However locks get dirty and wet and you might not want them in your bag. Maybe you don’t even use a bag! So you need to be able to carry it on your bike too.
And the frame mount that comes with the Litelok could not be simpler. It’s basically just two Velcro straps! When using these straps you have two options…
You can either tie both straps around your top tube and then wrap them around the unlocked Litelok, so it runs the length of your top tube…
The natural inclination of the Litelok is to be straight. As soon as you unlock it, it springs out to to lie flat. So this option works really well.
Since it’s so light the straps have no problems holding it in place against your top tube. And while I was riding I never had any problems with it working loose.
Alternatively you can keep the Litelok locked and use one strap on the top tube and the other on the seat tube to keep the lock in place.
Again, this method worked really well for me. It can move around a little while your riding, but not to the extent that it feels insecure.
When the lock’s not attached to the frame the straps can tend to flap about a bit if you have a thin frame and I found that slightly annoying. But you can always trim the straps with a pair of scissors if you need to!
All in all, the easy transport options are one of the best features of the Litelok. Whether it’s in your backpack or strapped to your frame, the lightweight construction means that carrying it around on a daily basis is not going to trouble you in any way!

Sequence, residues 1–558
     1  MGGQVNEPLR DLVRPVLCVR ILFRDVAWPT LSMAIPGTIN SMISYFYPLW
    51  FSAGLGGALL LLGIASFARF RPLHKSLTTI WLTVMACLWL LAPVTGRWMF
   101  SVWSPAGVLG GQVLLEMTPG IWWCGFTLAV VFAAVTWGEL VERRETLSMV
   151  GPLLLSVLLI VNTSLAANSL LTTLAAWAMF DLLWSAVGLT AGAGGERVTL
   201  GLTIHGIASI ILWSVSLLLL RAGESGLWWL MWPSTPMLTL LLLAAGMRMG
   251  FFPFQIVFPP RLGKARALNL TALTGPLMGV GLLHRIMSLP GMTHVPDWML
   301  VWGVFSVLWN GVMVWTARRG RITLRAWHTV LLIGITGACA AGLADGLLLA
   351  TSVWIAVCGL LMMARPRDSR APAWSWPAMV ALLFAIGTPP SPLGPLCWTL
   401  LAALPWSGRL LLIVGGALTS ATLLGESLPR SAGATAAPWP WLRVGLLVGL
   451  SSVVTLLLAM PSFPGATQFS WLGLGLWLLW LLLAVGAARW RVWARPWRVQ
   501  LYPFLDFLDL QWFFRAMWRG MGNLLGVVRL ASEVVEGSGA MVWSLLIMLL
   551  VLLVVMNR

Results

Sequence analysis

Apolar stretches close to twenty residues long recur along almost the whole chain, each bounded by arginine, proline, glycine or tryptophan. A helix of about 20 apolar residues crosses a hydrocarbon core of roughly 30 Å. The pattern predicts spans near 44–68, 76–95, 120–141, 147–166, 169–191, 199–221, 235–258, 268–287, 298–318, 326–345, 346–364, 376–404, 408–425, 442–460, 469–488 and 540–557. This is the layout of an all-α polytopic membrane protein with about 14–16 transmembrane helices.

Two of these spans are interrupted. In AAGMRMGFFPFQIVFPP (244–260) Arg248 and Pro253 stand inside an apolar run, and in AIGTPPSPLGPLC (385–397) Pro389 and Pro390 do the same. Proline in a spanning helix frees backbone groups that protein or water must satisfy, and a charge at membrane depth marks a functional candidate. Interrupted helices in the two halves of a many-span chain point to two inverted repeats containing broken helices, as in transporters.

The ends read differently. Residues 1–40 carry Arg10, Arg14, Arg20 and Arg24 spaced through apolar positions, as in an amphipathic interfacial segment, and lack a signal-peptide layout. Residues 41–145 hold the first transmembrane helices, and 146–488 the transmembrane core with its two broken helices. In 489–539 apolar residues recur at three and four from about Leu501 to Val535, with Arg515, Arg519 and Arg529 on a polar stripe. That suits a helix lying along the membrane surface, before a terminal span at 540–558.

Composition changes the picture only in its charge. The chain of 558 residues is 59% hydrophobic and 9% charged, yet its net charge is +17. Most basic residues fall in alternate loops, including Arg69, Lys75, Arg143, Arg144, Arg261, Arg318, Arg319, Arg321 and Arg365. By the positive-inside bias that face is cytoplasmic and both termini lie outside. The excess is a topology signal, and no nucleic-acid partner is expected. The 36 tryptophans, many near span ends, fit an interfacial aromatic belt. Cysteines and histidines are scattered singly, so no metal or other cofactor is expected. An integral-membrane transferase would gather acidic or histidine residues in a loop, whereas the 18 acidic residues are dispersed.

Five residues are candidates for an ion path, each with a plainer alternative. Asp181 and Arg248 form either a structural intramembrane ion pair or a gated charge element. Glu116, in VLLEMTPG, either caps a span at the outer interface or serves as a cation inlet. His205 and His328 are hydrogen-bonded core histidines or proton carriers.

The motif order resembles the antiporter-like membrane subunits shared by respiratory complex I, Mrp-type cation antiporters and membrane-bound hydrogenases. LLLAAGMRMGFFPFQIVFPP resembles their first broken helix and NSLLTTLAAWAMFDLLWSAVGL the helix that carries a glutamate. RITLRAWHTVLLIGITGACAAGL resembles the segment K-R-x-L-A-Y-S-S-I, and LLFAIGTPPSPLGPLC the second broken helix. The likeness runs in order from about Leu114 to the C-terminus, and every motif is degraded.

Is the Litelok Gold easy to use?
The Litelok is undoubtedly lighter than almost every other Sold Secure Gold bike lock currently available (the Abus Mini 401 Yellow is the only lock that I can find that’s lighter and it’s a mini lock!).
However it doesn’t feel that lightweight when you first get hold of it!
What I mean is: it feels really tough. And in many ways, that’s a good thing. The strap is really stiff and hard. And the locking mechanism is quite bulky (in fact this is where the majority of the weight lies).
This is important as it gives you confidence when you’re using it, and is likely to scare many would be thieves away.
However, the stiff strap and the bulky buckle can also make locking your bike up a bit more difficult. As well as being stiff, the belt is quite wide at 2″ (5.5 cm).
So getting the buckle and the strap through your spokes to lock your wheel and your frame together can sometimes be a little bit of a struggle.
And once you’ve got the lock around your bike and the immovable object, actually clipping the buckle together can take a little more effort than you’d imagine due to the stiffness of the belt and it’s natural inclination to be straight.